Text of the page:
The computer giant is trying to force us into forced arbitration

Clippy ShareableMicrosoft, the company that gave us Vista, Ctrl-Alt-Delete and Clippy, has something in store for us that’s even worse.  The company has been phasing in forced arbitration clauses in its “services agreement.”

That means if you are harmed by a Microsoft product or service, you can’t stand up for your rights in court.  Instead, you have to take your case to an arbitrator hired by Microsoft.  Arbitrators do not need to be lawyers or follow precedent, yet their word is nearly always final and unappealable.  One study found that such arbitrators rule for the businesses that hire them 94 percent of the time.

Microsoft also won’t let you band together with others the company has wronged and bring a class-action suit – often the only way to stop a corporation from cheating millions of consumers.  The latest version of the services agreement makes this ban even more strict.

One can see why Microsoft might be fond of forced arbitration.  In a 2003 e-mail, company founder Bill Gates used the following terms to describe what it was like to use one of his own products:

 disappointed, backwards, unusable, totally confusing, strange, pathetic, completely odd, weird, scary, crazy, slow, garbage, not usable, crapped up, crap, absolute mess, craziness, terrible.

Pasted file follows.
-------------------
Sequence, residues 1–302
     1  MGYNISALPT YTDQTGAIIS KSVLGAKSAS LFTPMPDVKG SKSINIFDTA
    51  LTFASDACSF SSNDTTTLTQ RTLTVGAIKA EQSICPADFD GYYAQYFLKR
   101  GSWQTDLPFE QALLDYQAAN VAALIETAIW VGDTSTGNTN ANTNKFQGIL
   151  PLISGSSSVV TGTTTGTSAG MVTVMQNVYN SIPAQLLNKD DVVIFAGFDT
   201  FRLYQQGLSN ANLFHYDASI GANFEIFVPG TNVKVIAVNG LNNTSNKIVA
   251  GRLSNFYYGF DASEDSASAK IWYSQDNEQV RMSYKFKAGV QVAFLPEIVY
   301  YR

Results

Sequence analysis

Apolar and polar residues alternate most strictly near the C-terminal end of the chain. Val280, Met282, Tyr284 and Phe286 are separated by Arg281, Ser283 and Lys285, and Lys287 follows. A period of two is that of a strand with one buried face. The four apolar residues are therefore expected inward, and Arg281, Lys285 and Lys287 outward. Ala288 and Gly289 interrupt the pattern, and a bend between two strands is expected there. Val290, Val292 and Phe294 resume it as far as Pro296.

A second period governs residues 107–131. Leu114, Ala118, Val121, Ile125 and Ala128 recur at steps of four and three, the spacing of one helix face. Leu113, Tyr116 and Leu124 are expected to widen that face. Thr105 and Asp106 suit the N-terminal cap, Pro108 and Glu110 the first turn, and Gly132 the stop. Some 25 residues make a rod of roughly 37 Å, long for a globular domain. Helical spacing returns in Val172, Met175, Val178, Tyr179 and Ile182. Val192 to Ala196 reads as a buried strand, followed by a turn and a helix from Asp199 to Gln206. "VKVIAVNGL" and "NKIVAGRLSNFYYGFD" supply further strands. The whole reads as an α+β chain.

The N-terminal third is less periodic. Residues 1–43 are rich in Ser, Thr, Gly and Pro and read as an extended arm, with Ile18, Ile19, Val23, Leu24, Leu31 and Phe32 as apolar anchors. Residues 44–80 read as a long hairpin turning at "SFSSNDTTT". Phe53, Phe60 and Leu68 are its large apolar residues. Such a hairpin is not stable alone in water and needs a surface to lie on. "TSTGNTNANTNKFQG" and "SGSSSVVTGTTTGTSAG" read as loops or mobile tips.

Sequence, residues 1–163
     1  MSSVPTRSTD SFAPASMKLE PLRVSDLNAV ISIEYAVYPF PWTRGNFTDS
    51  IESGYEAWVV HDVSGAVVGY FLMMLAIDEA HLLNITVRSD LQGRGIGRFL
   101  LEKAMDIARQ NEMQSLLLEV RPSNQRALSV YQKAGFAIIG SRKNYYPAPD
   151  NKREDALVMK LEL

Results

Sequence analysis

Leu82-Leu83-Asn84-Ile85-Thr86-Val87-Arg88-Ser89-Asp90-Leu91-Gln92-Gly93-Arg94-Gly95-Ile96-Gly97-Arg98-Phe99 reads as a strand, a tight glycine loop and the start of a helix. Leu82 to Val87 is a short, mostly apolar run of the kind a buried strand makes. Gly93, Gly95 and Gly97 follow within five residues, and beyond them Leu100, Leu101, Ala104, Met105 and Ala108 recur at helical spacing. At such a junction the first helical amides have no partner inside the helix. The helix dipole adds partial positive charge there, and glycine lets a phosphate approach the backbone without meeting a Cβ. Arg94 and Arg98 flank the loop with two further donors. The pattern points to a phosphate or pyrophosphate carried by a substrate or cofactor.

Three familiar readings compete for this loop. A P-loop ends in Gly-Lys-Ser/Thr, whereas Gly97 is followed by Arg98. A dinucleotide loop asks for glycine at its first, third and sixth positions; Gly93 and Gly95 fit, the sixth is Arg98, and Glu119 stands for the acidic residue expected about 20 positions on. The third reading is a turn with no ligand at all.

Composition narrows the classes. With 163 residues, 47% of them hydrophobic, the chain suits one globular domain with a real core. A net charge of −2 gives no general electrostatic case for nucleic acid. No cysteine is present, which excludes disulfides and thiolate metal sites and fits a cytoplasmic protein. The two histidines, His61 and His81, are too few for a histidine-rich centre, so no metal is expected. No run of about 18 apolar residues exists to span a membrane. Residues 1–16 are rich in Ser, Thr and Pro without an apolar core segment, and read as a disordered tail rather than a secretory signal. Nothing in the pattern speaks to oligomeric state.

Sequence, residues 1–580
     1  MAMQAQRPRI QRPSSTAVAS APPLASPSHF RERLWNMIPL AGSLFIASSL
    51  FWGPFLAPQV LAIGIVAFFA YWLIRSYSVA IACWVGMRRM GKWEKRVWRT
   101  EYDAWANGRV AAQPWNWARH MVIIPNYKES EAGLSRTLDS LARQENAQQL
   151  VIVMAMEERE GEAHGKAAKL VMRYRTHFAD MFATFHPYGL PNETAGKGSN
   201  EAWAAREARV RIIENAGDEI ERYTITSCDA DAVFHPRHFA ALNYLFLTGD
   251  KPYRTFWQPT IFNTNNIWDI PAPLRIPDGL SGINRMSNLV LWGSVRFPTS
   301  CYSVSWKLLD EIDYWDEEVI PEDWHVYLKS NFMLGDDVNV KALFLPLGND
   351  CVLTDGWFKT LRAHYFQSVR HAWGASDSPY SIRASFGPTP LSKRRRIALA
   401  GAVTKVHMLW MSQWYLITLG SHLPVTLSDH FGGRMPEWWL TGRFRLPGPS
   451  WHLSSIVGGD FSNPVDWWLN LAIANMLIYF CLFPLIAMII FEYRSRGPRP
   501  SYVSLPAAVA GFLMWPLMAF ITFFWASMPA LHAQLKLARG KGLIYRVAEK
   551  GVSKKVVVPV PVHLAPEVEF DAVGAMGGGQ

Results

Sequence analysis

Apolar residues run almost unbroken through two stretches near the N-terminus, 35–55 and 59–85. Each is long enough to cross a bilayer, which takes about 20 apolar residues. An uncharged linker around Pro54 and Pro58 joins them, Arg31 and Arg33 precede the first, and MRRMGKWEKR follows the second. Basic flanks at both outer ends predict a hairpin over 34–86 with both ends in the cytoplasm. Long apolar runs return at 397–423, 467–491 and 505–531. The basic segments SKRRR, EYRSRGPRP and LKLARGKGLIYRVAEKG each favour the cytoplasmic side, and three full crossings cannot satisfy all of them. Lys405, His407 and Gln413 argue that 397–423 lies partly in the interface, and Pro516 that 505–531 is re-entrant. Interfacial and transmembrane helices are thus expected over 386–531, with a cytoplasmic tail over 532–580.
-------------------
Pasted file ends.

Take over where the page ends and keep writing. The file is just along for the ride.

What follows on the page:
Microsoft joins a lengthening list of big businesses that are taking away our rights when we’re harmed by their products and services.  Public outrage forced General Mills to back down.  But odds are you’ve clicked through at least one contract with a forced arbitration clause in the fine print. They are showing up everywhere, from credit card contracts to the Instagram terms of use.  And in the case of Microsoft, using one of the affected products means you’ve consented to surrendering your rights.

Perhaps the best indicator of just how bad a deal forced arbitration is for consumers is the sneaky way big businesses force it on us.

Take Microsoft’s latest email announcing the changes.  “Our users’ needs are at the center of everything we do,” says the happy little email. “That’s why we are updating the Microsoft Services Agreement.”  But there’s no mention of forced arbitration in the email itself.  And there’s no mention of it in the FAQ that supposedly offers the “highlights.”

No, you have to click on the link to the fine print and scroll down to Section 10 before you find out what Microsoft is taking away.  If forced arbitration is so great, why does it have to be forced?  Why not offer it on a voluntary basis?  And why aren’t companies bragging about it instead of tucking it away in those long, long “agreements” that few of us have the time to read?

There is a solution.  The Arbitration Fairness Act would put an end to these outrages.  If you don’t want your rights “clipped” by the company that gave us Clippy – or by all the other corporations on the forced arbitration bandwagon – tell your Members of Congress to pass the Arbitration Fairness Act.

 Read more about forced arbitration

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